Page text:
This section is from the book "The Gardener's Monthly And Horticulturist V22", by Thomas Meehan. See also: Four-Season Harvest: Organic Vegetables from Your Home Garden All Year Long.
The man who shall cure the quince fruit from its knots, and give us a fair, equable, preserving material as free from worms as a good apple, will do the housekeeper a prodigious service. Some cultivators conquer the curculio enemy, why not the quince destroyer?
Tin is said in Harpers' Magazine to be transported from England to Chicago, made there into vessels of use, taken back to England in a manufactured state, competing with English made articles. Surely we are feeding our relatives, and gradually superseding them in various manufactures.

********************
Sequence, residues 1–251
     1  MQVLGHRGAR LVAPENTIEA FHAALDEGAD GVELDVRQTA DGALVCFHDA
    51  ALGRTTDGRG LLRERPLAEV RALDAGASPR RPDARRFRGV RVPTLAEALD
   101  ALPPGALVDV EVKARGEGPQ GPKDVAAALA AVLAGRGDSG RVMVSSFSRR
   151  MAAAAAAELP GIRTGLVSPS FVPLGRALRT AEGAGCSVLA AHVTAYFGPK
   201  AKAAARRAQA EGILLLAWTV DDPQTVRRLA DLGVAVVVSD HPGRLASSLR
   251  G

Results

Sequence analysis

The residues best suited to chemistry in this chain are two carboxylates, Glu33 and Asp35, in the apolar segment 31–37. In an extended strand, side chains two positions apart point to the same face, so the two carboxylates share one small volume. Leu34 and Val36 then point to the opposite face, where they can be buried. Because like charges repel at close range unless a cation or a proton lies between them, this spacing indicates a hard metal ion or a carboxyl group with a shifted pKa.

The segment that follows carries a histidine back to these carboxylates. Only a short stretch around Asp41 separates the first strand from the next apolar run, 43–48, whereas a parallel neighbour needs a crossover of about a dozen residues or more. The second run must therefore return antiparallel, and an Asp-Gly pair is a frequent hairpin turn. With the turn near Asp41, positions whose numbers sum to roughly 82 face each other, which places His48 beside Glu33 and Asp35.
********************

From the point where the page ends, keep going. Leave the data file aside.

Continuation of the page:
The indebtedness of man to the vegetable world is illustrated by the two substances of gutta percha and India rubber; but for these the great progress in the arts would have long waited development; the telegraph by sea is indebted to the former for insulation, and many processes and conveniences are promoted by the latter. The trees which yield the largest supply of the best quality of caoutchouc consist of various species of Hevea of South America. Some portions of the northern districts, especially in the province of Para and parts of the valley of the Amazon are covered to a great extent with heveas. The abundance of these in Para may be judged of by the fact that this province alone exported 7,340 tons in 1877. Among the species the Hevea Brasiliensis attains the height of sixty or seventy feet; the Hevea Guianensis, a similarly magnificent tree, likewise abundantly produces caoutchouc. The leaves are handsome and adapted to greenhouse culture by their deep color and general .beauty, especially the Ficus elastiea.